For the School of Business, she volunteers as a member of the Center for Ethics in Business advisory board. She led the Hall Center for the Humanities Friends Council as president and was a founding advisory board member of KU Endowment’s Women Philanthropists for KU.

She continues to volunteer for and support numerous programs across the university, including the Dole Institute of Politics, School of Music, Spencer Museum of Art, University Theatre and KU Libraries. For Kansas Athletics, she is a longtime Williams Education Fund member and a season ticket-holder for several men’s and women’s teams.

For Lawrence and Douglas County, she helps guide the LMH Health Foundation, for which she co-chaired a pivotal capital campaign and served as president. Her other volunteer activities include the United Way, for which she also led the campaign; Lawrence Rotary Club; Bert Nash Community Mental Health Center; and the Lawrence Public Library Foundation. For her longtime efforts as a business and civic leader, she received the Athena Award from the Lawrence Chamber of Commerce and Crown Toyota.

Howard Cohen
Cohen, who earned his bachelor’s degree in business administration in 1979, retired in May 2020 as a partner in Deloitte Touche, where he spent his entire career and led many national initiatives, most recently strategic organization planning for U.S. audit practice. After joining the firm in 1979, he rose steadily through the ranks to become audit partner in charge of both the Kansas City and St. Louis offices.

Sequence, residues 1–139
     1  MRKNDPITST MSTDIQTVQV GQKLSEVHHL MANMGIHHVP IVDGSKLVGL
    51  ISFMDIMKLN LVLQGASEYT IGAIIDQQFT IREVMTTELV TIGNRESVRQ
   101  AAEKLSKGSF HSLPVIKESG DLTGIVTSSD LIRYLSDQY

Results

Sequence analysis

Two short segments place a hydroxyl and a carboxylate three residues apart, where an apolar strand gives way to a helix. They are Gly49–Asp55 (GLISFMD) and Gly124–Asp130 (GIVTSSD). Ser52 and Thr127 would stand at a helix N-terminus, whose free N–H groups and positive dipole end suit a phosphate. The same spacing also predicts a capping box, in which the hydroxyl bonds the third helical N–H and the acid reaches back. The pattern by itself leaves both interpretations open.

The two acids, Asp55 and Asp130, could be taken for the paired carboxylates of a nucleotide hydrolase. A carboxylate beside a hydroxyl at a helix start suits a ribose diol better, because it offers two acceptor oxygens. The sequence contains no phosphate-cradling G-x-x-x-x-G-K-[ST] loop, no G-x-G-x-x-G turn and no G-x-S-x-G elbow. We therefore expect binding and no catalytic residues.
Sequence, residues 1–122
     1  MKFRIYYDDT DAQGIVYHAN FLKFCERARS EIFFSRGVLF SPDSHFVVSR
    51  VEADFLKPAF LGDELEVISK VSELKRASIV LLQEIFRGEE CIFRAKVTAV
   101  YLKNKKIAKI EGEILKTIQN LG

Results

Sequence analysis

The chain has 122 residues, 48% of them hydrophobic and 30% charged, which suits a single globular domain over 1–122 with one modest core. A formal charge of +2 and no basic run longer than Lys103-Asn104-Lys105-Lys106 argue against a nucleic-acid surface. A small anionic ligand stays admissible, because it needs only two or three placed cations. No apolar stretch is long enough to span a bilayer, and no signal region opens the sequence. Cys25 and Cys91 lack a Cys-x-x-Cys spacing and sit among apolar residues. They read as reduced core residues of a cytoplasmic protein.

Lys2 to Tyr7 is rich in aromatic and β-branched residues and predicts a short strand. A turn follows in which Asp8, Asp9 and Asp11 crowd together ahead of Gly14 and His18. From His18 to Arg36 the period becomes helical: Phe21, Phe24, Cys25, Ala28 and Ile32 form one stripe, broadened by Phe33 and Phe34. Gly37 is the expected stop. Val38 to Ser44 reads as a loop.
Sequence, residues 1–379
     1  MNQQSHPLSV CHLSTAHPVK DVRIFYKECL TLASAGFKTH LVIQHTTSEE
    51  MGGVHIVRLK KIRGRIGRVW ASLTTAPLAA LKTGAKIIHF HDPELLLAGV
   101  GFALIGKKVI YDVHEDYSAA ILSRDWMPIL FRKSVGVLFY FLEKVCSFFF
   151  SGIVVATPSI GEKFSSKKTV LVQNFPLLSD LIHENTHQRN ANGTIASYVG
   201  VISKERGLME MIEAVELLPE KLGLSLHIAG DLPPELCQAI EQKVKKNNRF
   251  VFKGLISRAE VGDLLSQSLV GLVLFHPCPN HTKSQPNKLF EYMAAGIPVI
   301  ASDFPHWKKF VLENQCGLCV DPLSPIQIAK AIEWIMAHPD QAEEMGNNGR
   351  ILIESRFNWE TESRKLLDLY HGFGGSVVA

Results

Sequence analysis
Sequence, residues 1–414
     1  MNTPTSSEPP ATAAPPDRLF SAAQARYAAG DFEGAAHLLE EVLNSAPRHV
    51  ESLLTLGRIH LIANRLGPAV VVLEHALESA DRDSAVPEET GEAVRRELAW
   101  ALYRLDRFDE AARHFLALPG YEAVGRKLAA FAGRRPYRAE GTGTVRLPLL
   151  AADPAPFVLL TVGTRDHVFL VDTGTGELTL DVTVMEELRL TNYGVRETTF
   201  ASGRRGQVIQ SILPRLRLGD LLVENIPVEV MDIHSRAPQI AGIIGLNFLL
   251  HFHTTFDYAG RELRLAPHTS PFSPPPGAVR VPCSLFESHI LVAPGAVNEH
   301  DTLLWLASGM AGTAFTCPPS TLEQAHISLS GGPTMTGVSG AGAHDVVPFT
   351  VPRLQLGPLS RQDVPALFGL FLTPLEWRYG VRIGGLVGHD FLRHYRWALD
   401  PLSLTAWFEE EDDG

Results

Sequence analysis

He often combined his dedication to both Deloitte and his alma mater, mentoring numerous accounting students and leading Deloitte’s recruitment at KU. He also guided School of Business students to a second-place finish in a national case-study competition hosted by Deloitte, and he leads the school’s biannual Audit Symposium, which includes faculty from leading universities and leaders of global accounting firms.

“Howard always stands up and stands out for the School of Business,” said Dean L. Paige Fields, who cited the symposium among many examples of Cohen’s dedication. “He really grasps the research mission as well as the teaching mission. The symposium helps attract faculty as well as students. You get very high-quality faculty, good faculty research, higher rankings, and that’s going to translate into getting more and better students. Howard gets that.”

For the school, Cohen led the capital campaign that raised more than $60 million to build Capitol Federal Hall. He continues to serve on the school’s advisory board and the Accounting and Information Systems Advisory Council after chairing both groups. In 2005 the school honored him with the Distinguished Alumni Award. He has served as president of KU Hillel, and he founded KU’s chapter of Alpha Epsilon Pi fraternity.

Cohen also served five years on the Alumni Association’s national board of directors and chaired the Audit Committee, which he continues to serve as a member. He and his wife, Debra, have attended every Alumni Association Rock Chalk Ball since the Kansas City tradition began in 1996; they co-chaired the event in 2013. They are Alumni Association Life Members and Presidents Club donors.

As a KU Endowment trustee, Cohen serves on the executive committee and the campaign steering committee. The Cohens also belong to Endowment’s Chancellors Club and Jayhawk Faithful; they are longtime donors to the Williams Education Fund for Kansas Athletics.

Reggie Robinson
Robinson, who earned his bachelor’s degree in political science in 1980 and his law degree in 1987, devoted his career to public service, higher education and philanthropy, most recently as CEO of the Kansas Health Foundation. He died Sept. 19, 2020, at age 63.